Interview: Professor Mike McGuirk on How Brandwatch For Students is Used in His Classroom
By Olivia SwainSep 6
Everything we do now leaves a trail of data behind us; a path of breadcrumbs that intricately reveals our daily activity.
Publishing our thoughts and updating our statuses is coupled with an increasingly sophisticated network of tracking technologies, from cookie-enabled targeting to store loyalty cards.
This digital footprint creates an incomprehensibly massive volume of data.
This data also proves to be the lifeblood of many apps and tech companies.
The likes of Facebook and Google have built their empires on a mountain of consumer data, but it’s a trade off that consumers have embraced: the runaway success of services like Netflix, Airbnb, Spotify, Uber, Fitbit and Kindle have all proved testament to the public’s desire to adopt new technologies for the sake of convenience.
The past five years, as mentioned, has witnessed a proliferation of new products and services, each designed to make our lives easier, richer and cheaper – with the only cost being extra personal data, not extra cash.
Now that so many industries have been thoroughly disrupted by these new technologies, and the era of having ‘an app for that’ now seeming like something of an anachronism, the next few years represent a different kind of change.
There is unlikely to be many new major players in sectors like taxi booking, music streaming or accommodation providers in the same dramatic manner that has happened already this decade. Instead, another trend is emerging: convergence.
The early signs are here. The ability to select music in your cab, with the Spotify integration in Uber, is one of the most obvious of such convergence.
Integrated services for complimentary products like Xbox and Netflix, Fitbit and Philips Hue, Amazon and Paypal, plus just about every single service including social sharing buttons all further cement the continued emergence of cross-functionality.
Uber’s own announcement that it is to make its request API available for use in other applications again underlines this shift.
Giving users the ability to hail Uber cabs in other apps is good for the third party app because it offers broader functionality; good for Uber because it offers more places for users to request cabs; and good for the consumer because it extends choice and adds convenience.
The enormously popular IF, formerly known as If That Then This (IFTTT), even allows users to cook up their own recipe to blend products together in ways in which their original was unable.
With more data come more opportunity for blended data – the chance for complementary services to be witnessed in more places, and the amalgamation of multiple datasets for businesses.
The relatively new Braintree Paypal provides another perfect example of such convergence.
Consumers – and businesses – are certainly open to new methods of payment.
Contactless cards, Apple Pay, Google Wallet, Square, Bitcoin and Paypal’s own ascendancy not too long ago all point to a strong desire to adopt new technologies for payment.
The problem lies in having to maintain separate applications and profiles to use each one. Braintree is among the first to offer a conglomerated service for using many of them through one portal.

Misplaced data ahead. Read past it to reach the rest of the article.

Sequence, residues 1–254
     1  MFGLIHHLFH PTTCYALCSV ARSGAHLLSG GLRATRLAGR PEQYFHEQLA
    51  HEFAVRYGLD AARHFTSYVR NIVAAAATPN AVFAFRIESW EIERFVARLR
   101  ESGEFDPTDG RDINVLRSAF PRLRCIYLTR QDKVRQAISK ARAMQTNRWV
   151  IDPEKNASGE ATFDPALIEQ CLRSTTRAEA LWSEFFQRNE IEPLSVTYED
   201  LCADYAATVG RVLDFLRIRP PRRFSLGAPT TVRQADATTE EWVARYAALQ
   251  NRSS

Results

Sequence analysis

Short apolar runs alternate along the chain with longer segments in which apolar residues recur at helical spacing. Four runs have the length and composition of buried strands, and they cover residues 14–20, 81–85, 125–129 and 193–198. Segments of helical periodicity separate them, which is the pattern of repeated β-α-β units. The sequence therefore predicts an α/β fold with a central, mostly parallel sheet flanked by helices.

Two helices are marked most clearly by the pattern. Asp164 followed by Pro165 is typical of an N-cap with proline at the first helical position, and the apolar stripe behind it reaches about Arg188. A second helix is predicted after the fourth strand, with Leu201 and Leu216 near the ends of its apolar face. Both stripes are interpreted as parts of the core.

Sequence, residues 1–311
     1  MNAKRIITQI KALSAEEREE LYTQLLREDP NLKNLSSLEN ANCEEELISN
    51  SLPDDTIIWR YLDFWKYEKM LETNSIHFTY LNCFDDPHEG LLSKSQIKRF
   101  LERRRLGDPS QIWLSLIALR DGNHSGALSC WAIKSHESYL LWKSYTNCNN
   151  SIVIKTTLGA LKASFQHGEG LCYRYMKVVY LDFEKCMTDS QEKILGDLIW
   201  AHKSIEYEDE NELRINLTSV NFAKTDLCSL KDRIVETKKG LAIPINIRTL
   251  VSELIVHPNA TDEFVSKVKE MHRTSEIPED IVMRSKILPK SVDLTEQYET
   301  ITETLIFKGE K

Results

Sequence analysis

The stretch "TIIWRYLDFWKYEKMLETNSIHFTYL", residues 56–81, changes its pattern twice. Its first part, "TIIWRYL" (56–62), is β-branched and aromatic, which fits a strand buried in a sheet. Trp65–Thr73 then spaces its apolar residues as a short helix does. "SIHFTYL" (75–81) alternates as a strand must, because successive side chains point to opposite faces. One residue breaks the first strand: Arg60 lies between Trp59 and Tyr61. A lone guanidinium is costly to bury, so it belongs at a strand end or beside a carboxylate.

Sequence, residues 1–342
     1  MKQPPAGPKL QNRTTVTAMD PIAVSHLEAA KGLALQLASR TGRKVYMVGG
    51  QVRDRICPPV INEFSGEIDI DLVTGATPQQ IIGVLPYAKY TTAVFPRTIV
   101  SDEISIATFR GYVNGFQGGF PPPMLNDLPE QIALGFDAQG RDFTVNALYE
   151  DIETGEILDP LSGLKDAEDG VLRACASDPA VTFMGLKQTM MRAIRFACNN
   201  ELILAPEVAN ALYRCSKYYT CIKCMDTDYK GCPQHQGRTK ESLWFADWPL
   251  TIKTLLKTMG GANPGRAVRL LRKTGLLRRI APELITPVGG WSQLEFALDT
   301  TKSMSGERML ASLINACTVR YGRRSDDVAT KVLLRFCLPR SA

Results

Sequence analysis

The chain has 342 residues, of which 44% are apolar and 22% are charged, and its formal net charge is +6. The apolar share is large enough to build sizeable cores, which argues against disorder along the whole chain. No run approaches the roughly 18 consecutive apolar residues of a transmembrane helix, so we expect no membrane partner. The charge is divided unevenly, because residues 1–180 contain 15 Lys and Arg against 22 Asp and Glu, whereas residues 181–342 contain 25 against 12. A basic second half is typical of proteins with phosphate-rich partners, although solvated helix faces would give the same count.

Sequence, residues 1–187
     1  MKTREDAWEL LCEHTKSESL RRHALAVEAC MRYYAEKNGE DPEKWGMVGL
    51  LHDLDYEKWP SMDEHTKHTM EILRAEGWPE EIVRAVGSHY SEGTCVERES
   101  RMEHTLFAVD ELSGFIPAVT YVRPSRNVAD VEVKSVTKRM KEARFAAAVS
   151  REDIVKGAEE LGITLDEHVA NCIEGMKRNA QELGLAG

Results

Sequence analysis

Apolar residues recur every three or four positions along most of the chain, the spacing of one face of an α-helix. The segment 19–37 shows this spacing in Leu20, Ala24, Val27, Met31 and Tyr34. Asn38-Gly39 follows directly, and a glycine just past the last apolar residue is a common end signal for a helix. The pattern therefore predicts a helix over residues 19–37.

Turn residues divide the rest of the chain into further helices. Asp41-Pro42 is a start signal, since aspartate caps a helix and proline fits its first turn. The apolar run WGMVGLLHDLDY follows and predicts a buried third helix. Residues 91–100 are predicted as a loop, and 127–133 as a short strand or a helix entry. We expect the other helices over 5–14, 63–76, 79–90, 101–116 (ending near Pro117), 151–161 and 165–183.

With the consumer landscape undeniably headed toward a future of blended data – multiple datasets and cross-functionality made available in each place – what of the prospects for businesses?
When considering enterprise products, such as martech, many organizations have embraced this sentiment by adopting suite technologies.
A suite, in theory, means that marketers have access to the many different strands of functionality that most enterprises now need – from online publishing to email marketing.
However, this philosophy begins to fall apart when inspected more closely.
Consumers haven’t been asking Uber to develop a music streaming service for their taxis; the demand instead was for an integration between the leading music app and the leading cab app.
The same goes for enterprise tech.
Expecting one vendor to offer everything to the top standard demanded is unwise.
Similarly, choosing to work with the best product in each function area and expecting them all to work together can be fraught with trouble too, especially when many tools remain extremely uncooperative in how they perform.
So where does the answer to building a quality marketing stack lie? In the same place it lies for consumers.
Technology vendors must pay attention to these trends and run with them.
Learning from Uber, Spotify and Paypal, enterprise tech must make sure their technologies are open, flexible and come with freely available APIs and ecosystems of connections to other functions.
It needs to be easy. Datasets must be shared and the technology needs to morph to meet the requirements of the business. Every one is different, after all.
This applies to us at Brandwatch too. We’ve been developing a slick, robust API over the past three years, which is designed to work with a great number of systems.
Our growing family of partner vendors is also aimed at offering Brandwatch functionality and data in the kind of convenient places that a marketer would want them in.
But the work is not done yet, and as we continue to build out our 2015 and 2016 roadmap, it’s with the mentality of democratic data and open functionality in mind.
Expect to see a future of convergence; a place where it’s even easier for marketers to choose the best product for all of their needs – not at a cost to their convenience, but for a boost to it.